Max (Jason Bateman) and Annie (Rachel McAdams) have had a competitive spirit since they started dating. There isn’t a trivia, tabletop or board game they didn’t like and beating them is often a foregone conclusion. Now married, Max and Annie still have the occasional game night with friends Ryan (Billy Magnussen), Kevin (Lamorne Morris) and Michelle (Kylie Bunbury). Max and Annie’s neighbor Gary (Jesse Plemons), a local cop who used to attend the game nights but, after his recent divorce, Gary isn’t handling the single life very well and should be avoided like the flu. After the participants of this week’s game night arrive, including Ryan’s latest date Sarah (Sharon Horgan) and Max’s obnoxiously wealthy brother Brooks (Kyle Chandler), the group is invited to game night at Brooks’ house next week. A game that Brooks promises will be ‘unlike any other game night they’ve ever played’.
That game is a murder mystery.
Like an IRL game of ‘Clue’, Brooks gets abducted by masked men and the party has to follow clues to find him. First team to find Brooks wins. However, there was a wrinkle that not even Brooks could foresee; the abduction was real and Brooks isn’t the man he claims to be.
Game Night is an ‘R’ rated comedy starring Jason Bateman. Depending on your view of his prior works such as Horrible Bosses, Office Christmas Party or Identity Thief, Game Night could be either another instant classic from Bateman or more of the same song and dance. As the leading male in the movie, Bateman isn’t exactly reinventing the wheel as a mild mannered suburbanite. Honestly, if someone said that Bateman’s character from Game Night was the same character in Horrible Bosses just outside of work; I’d believe it. It’s not a bad thing, it’s just more of the same thing. Luckily, Bateman doesn’t have to do all of the comedic heavy lifting.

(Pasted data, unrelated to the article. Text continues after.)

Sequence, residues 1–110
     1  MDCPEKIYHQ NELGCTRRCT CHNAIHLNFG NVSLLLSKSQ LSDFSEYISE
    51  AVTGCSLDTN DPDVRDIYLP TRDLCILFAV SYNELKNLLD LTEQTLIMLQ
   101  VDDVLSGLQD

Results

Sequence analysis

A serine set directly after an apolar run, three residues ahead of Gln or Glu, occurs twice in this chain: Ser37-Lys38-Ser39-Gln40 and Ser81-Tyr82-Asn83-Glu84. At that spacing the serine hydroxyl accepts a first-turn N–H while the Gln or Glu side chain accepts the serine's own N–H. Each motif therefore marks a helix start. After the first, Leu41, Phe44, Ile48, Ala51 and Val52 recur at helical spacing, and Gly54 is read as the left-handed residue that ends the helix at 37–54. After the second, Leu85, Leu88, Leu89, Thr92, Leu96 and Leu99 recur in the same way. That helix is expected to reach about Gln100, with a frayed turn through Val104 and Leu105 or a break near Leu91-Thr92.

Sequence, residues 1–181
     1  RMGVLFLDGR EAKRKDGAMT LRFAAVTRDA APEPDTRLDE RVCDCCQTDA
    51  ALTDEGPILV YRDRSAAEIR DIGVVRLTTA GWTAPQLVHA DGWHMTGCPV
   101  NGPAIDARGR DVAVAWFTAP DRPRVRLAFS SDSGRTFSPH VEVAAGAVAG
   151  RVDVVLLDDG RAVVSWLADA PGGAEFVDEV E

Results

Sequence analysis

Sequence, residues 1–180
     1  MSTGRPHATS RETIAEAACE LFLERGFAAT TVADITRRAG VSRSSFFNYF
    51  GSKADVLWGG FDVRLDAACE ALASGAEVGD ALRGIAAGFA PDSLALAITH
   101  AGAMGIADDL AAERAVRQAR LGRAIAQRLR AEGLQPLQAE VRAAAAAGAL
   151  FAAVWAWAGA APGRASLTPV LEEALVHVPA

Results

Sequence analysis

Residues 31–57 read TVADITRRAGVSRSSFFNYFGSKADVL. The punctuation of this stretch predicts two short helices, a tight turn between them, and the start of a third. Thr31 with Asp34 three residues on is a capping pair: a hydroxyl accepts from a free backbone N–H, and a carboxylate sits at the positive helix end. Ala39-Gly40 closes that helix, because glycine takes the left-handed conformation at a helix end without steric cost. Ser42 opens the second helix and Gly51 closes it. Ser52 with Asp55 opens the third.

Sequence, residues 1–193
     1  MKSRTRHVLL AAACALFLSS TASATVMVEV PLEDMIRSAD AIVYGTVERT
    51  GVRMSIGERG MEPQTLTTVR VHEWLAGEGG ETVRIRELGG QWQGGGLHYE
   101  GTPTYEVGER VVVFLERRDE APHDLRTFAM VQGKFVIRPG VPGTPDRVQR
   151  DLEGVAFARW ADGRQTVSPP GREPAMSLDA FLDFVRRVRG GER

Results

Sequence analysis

Surprisingly, Game Night is pretty well written. Each character has plenty of opportunities for well timed zingers and non-sequiturs. My biggest surprise of the film was the wonderfully creepy Jesse Plemons as Gary Kingsbury. Gary’s about as effective as catching water in a colander, as it relates to the aftermath of his divorce; leaving him a withering husk of a person. His creepiness led to some very real jump scares in the audience. There’s something unnerving about standing in the driveway, robotically petting your dog, well after the sun has set. Gary is one of the few big, consistent uncomfortable laugh/groans throughout the film.
Though it has its moments, Game Night bills itself as a ‘R’ rated comedy that has to been seen to believed. Unfortunately, this isn’t the case. The film never comes remotely close to pushing the comedic envelope. I assume the loftiest expectations of the film would have it do so; however, Game Night isn’t a throwaway either. Depending on how much you like the cast, Game Night should serve its purpose as a comedy. If you dull your expectations a bit, you’ll make it out of the theater, satisfied, but not filled.
Rated: R @ 100 minutes.
NOTE: DO stay through the credits’ end for a stinger.